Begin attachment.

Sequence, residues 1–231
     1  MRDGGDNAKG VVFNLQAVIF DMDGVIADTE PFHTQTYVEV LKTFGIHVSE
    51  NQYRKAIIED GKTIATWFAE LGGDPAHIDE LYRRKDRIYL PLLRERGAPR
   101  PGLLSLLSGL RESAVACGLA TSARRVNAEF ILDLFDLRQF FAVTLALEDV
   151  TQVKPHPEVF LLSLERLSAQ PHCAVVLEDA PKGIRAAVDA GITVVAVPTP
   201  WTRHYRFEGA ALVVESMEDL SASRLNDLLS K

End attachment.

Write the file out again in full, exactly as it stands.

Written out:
Sequence, residues 1–231
     1  MRDGGDNAKG VVFNLQAVIF DMDGVIADTE PFHTQTYVEV LKTFGIHVSE
    51  NQYRKAIIED GKTIATWFAE LGGDPAHIDE LYRRKDRIYL PLLRERGAPR
   101  PGLLSLLSGL RESAVACGLA TSARRVNAEF ILDLFDLRQF FAVTLALEDV
   151  TQVKPHPEVF LLSLERLSAQ PHCAVVLEDA PKGIRAAVDA GITVVAVPTP
   201  WTRHYRFEGA ALVVESMEDL SASRLNDLLS K